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Latest Focal adhesion Stories

IntegrinMD
2013-03-22 16:03:48

Lawrence Berkeley National Laboratory Your cells are social butterflies. They constantly interact with their surroundings, taking in cues on when to divide and where to anchor themselves, among other critical tasks. This networking is driven in part by proteins called integrin, which reside in a cell´s outer plasma membrane. Their job is to convert mechanical forces from outside the cell into internal chemical signals that tell the cell what to do. That is, when they work properly....

2011-07-25 12:30:19

Findings offer new hope for treatment of TBI in veterans wounded by explosions Bioengineers at Harvard have identified, for the very first time, the mechanism for diffuse axonal injury and explained why cerebral vasospasm is more common in blast-induced brain injuries than in brain injuries typically suffered by civilians. The research addresses two major aspects of traumatic brain injury (TBI), with significant implications for the medical treatment of soldiers wounded by explosions. Two...

2011-07-25 11:52:28

(Ivanhoe Newswire) "“ New findings offer new hope for the treatment of traumatic brain injury (TBI) in veterans wounded by explosions. Researchers have identified for the first time, the mechanism for diffuse axonal injury and explained why cerebral vasospasm is more common in blast-induced brain injuries than in brain injuries typically suffered by civilians. "These results have been a long time coming. So many young men and women are returning from military service with brain...

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2010-08-02 08:01:37

Bioengineers at the University of Pennsylvania have created a system to control the flexibility of the substrate surfaces on which cells are grown without changing the surface properties, providing a technique for more controlled lab experiments on cellular mechanobiology, an important step in the scientific effort to understand how cells sense and respond to mechanical forces in their environment. Researchers created a library of micromolded, hexagonally spaced elastomeric micropost arrays,...

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2010-06-22 07:30:00

Showing movies in 3-D has produced a box-office bonanza in recent months. Could viewing cell behavior in three dimensions lead to important advances in cancer research? A new study led by Johns Hopkins University engineers indicates it may happen. Looking at cells in 3-D, the team members concluded, yields more accurate information that could help develop drugs to prevent cancer's spread. The study, a collaboration with researchers at Washington University in St. Louis, appears in the June...

2010-05-14 08:13:12

University of Pennsylvania bioengineers have demonstrated that the cells that line blood vessels respond to mechanical forces "” the microscopic tugging and pulling on cellular structures "” by reinforcing and growing their connections, thus creating stronger adhesive interactions between neighboring cells. Adherens junctions, the structures that allow cohesion between cells in a tissue, appear to be modulated by endothelial cell-to-cell tugging forces.  Both the size of...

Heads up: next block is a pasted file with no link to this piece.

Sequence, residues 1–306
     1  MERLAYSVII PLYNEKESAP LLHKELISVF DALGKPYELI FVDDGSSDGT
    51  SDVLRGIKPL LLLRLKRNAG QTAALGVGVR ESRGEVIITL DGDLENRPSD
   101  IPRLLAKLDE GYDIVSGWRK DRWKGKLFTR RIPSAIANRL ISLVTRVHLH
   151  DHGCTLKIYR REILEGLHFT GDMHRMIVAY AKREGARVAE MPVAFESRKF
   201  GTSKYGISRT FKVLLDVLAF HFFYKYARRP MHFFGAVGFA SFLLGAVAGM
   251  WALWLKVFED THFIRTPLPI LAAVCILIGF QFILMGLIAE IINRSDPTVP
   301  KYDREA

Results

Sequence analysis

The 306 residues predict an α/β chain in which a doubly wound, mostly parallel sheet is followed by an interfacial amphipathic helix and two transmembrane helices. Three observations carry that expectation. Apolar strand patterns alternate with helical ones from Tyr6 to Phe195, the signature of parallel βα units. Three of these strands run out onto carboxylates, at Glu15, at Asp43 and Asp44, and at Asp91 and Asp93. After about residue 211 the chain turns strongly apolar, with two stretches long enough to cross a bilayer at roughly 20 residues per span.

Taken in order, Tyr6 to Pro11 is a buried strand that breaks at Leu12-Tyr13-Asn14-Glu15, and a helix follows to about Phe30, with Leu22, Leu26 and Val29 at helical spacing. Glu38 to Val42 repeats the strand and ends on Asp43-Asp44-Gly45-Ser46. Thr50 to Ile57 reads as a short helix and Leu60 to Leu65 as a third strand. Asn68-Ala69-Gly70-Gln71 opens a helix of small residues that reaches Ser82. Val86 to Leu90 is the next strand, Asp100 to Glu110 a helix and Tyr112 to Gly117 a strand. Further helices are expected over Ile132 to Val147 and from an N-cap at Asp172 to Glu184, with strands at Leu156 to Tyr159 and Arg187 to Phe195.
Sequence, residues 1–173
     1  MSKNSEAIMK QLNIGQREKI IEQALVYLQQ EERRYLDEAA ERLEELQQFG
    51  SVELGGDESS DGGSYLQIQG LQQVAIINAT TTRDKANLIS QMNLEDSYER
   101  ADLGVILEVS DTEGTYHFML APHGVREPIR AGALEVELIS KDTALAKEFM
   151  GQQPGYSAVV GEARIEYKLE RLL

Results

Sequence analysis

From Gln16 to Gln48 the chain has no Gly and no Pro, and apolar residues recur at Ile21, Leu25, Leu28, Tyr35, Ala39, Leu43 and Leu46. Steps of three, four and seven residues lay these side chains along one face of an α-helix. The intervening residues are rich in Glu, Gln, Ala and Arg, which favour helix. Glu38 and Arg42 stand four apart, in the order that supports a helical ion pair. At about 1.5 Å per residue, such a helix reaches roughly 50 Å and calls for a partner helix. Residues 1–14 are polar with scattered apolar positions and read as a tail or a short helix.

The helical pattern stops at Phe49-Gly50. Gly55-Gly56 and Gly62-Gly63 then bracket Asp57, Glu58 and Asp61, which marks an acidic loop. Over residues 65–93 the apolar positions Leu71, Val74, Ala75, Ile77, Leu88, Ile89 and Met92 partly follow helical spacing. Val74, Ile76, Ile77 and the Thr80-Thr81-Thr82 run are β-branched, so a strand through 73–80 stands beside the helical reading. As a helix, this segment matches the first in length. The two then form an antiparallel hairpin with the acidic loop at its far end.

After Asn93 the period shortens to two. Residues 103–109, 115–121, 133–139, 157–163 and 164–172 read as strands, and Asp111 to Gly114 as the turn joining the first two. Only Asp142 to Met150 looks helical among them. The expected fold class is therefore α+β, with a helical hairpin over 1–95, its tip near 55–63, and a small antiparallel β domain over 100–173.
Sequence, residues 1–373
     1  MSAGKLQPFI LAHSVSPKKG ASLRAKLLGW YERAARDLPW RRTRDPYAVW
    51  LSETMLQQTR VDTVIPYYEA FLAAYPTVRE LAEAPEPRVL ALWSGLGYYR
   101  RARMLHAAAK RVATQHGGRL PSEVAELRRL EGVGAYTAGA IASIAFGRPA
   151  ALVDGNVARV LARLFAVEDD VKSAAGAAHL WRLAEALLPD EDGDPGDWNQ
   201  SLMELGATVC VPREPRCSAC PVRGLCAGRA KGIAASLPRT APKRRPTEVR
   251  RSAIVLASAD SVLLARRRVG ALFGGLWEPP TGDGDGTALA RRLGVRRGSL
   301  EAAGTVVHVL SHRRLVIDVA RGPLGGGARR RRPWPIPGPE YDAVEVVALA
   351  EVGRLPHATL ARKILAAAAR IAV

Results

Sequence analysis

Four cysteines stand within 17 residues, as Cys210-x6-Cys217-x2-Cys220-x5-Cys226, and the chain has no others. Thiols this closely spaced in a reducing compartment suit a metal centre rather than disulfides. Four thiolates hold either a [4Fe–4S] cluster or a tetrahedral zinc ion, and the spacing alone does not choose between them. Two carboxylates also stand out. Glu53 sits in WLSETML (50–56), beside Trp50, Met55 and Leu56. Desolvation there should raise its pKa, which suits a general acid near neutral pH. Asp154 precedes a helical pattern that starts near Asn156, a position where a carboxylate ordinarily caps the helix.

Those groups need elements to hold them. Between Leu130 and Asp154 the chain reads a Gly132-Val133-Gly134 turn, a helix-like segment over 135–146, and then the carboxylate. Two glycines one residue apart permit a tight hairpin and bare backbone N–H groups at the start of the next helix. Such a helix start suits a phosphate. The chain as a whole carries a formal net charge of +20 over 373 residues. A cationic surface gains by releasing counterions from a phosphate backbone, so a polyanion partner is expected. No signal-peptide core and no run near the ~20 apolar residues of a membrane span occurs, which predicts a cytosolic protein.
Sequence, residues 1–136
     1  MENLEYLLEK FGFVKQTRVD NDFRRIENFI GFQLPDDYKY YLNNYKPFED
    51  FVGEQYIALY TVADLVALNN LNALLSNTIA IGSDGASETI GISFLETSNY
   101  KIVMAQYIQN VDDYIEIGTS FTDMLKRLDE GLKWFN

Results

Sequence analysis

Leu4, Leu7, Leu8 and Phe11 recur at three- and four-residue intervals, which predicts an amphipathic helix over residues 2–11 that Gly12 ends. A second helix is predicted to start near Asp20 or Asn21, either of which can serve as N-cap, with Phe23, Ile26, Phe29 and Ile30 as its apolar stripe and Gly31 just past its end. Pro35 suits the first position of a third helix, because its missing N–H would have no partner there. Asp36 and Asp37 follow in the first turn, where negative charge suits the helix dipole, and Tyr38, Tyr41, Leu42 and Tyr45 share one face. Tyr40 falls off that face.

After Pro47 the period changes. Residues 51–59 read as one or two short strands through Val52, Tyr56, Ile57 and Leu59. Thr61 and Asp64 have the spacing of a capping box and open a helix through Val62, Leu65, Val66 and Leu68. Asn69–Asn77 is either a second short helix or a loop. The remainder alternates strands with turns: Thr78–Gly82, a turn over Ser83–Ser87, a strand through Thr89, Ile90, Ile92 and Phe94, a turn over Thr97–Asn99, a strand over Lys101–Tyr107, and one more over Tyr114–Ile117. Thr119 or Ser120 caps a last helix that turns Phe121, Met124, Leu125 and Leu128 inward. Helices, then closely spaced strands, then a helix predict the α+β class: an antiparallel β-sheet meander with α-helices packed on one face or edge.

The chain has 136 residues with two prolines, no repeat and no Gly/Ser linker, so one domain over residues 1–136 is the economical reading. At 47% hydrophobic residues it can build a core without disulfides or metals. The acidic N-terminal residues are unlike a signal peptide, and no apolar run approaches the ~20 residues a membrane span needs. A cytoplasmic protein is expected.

2009-04-13 08:40:01

Study shows FAK coordinates movement of migrating cancer cells Like a climber scaling a rock face, a migrating cancer cell has to keep a tight grip on the surface but also let go at the right moment to move ahead. Chan et al. reveal that the focal adhesion kinase (FAK) coordinates these processes to permit forward movement. The study will be published online April 13 and will appear in the April 20 print issue of the Journal of Cell Biology. Crawling cancer cells send out extensions called...

2009-03-19 09:43:40

Research conducted by Allison Berrier, PhD, Assistant Professor of Oral and Craniofacial Biology at the LSU Health Sciences Center New Orleans School of Dentistry, and colleagues, provides insights that may help scientists design novel approaches to control wound healing and fight diseases such as cancer and fibrosis. The paper, ÃŽ²1 Integrin Cytoplasmic Domain Residues Selectively Modulate Fibronectin Matrix Assembly and Cell Spreading through Talin and Akt-1, will be...

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2005-09-22 15:00:36

(Philadelphia, PA) - The relationship between tissue rigidity and tumor formation is fairly well established; however, what is not so well understood is what happens on a molecular level that contributes to such stiffness. Now, for the first time, researchers at the University of Pennsylvania School of Medicine have shown that tumor formation is generated by a complex interaction of both mechanical as well as chemical signals, and the resulting tissue stiffening induces molecular signals that...

2005-09-19 15:41:28

Most investigations into cancer have focused on chemical signals, but a new research study provides rare insight into how mechanical force can regulate cellular behavior. The study uncovers a link between tissue tension and tumor formation, suggesting that the stiffness of a tissue can influence molecular signals that promote the malignant behavior of tumor cells. The findings, published in the September issue of Cancer Cell, provide exciting new insight into the mechanisms that link the...


Word of the Day
cruet
  • A vial or small glass bottle, especially one for holding vinegar, oil, etc.; a caster for liquids.
This word is Middle English in origin, and ultimately comes from the Old French, diminutive of 'crue,' flask.
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